Federal Survey Cards worth millions in impact aid for Hawaii schools

| August 27, 2015 | 0 Comments
Public schools receive federal impact aid based on the number of survey cards that are returned by federally connected students who live on federal property or whose parents or guardians are employed by the federal government. (Courtesy photo)

Public schools receive federal impact aid based on the number of survey cards that are returned by federally connected students who live on federal property or whose parents or guardians are employed by the federal government. (Courtesy photo)

Tamsin Keone
School Liaison Office
Army Community Service

SCHOFIELD BARRACKS — Wednesday, Sept. 2nd, is an important date for Hawaii public schools.

It is the day that students will bring home a federal survey card for parents or guardians to complete and return to schools the following day.

Schools will receive federal impact aid based on the number of survey cards that are returned by federally connected students who live on or whose parent or guardian is employed on federal property.

Why is returning the card so important?

In 2013-2014, an estimated 28,000 families filled out the survey, and Hawaii benefitted from more than $41 million in impact aid since it has the highest number of military dependent children per capita in the nation.

The average cost to educate a Hawaii public student in 2013-2014 was approximately $13,000. However, the average reimbursement received for a federally connected student was only $1,421 or 11 percent of the total cost.

Federal Impact Aid brings the state millions of dollars for the school year. (Photo illustration)

Federal Impact Aid brings the state millions of dollars for the school year. (Photo illustration)

The remaining balance was paid for with funding from Hawaii taxpayers, but this is why federally connected families are asked for their full cooperation in completing the survey forms. Hawaii needs as much compensation as possible for local tax losses resulting from tax-free federal installations.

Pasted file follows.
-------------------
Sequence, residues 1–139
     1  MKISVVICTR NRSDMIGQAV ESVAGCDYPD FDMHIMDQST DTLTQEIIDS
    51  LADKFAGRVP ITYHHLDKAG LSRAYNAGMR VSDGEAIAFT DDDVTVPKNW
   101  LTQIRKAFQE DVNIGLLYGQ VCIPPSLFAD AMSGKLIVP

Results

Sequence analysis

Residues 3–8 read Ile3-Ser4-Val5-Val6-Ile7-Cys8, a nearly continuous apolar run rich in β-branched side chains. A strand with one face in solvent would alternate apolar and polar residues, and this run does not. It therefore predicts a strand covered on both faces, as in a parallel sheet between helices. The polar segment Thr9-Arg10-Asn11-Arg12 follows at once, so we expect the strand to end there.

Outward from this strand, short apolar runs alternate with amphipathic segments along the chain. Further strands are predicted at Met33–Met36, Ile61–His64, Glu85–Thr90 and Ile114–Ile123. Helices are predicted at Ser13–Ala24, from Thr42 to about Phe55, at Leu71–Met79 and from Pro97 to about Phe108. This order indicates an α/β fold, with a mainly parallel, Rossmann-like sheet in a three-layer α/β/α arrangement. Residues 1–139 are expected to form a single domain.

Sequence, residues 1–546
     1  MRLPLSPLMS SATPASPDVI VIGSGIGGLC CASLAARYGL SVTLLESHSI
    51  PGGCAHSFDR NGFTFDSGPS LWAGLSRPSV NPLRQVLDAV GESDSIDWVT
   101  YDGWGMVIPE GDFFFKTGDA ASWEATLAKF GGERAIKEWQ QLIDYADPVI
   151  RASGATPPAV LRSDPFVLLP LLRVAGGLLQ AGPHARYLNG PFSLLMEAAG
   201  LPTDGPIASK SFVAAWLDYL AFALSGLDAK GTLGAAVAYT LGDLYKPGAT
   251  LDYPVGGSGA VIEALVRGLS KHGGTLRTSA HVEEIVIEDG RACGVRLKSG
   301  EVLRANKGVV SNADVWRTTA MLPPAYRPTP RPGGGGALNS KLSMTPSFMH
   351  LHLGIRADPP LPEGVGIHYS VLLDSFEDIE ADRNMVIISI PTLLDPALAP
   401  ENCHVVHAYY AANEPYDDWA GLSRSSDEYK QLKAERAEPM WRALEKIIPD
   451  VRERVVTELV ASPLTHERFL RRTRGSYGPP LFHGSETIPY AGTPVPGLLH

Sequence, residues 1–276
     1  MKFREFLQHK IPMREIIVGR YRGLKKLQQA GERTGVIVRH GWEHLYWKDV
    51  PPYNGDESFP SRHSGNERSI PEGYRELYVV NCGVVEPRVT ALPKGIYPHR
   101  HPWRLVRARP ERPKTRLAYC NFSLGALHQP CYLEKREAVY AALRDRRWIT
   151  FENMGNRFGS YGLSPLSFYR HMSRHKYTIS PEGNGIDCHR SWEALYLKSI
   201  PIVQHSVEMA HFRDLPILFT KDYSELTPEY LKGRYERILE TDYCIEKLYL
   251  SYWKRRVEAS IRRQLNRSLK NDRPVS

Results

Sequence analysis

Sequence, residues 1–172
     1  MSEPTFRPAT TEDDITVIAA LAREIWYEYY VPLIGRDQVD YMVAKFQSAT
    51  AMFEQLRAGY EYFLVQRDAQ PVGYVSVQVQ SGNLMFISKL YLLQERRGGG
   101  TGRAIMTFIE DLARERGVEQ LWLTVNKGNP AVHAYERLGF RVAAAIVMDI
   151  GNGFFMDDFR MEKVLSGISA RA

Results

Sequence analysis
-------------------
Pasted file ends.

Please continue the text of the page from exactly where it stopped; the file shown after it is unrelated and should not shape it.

Impact aid is intended to partially compensate the Hawaii DOE for the families of federally connected students who pay less in taxes into the school district than local residents. It partially makes up for local tax losses resulting from tax-free federal installations.

For example, people living on federal property do not pay local property tax. People who work on federal property, in turn, work for companies that do not pay local property tax. Also, people who work for the military have the ability to shop for food and other items at stores that do not charge sales tax. Therefore, Hawaii and its school districts lose not only property tax revenue, but also sales tax and licensing fees.

Impact aid funding offsets costs for Hawaii Common Core curriculum resources, substitute teachers, student transportation, utilities (like electricity) and other services. Hawaii’s public schools rely on federal impact aid as a significant part of the education budget. By filling out and returning the survey cards, parents are helping schools claim and benefit from their authorized share of federal support.

Parents are encouraged to fill out and return surveys to schools promptly. Non-response could result in the loss of millions of dollars in federal funds that benefit both our military and local communities.

Every card that is not returned will result in lost revenues to Hawaii classrooms statewide.

(Note: Army Community Service is part of the Directorate of Family and Morale, Welfare and Recreation with U.S. Army Garrison-Hawaii.)

Questions

For more information, call the School Liaison Office at (808) 655-8326.

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Category: Community, Education

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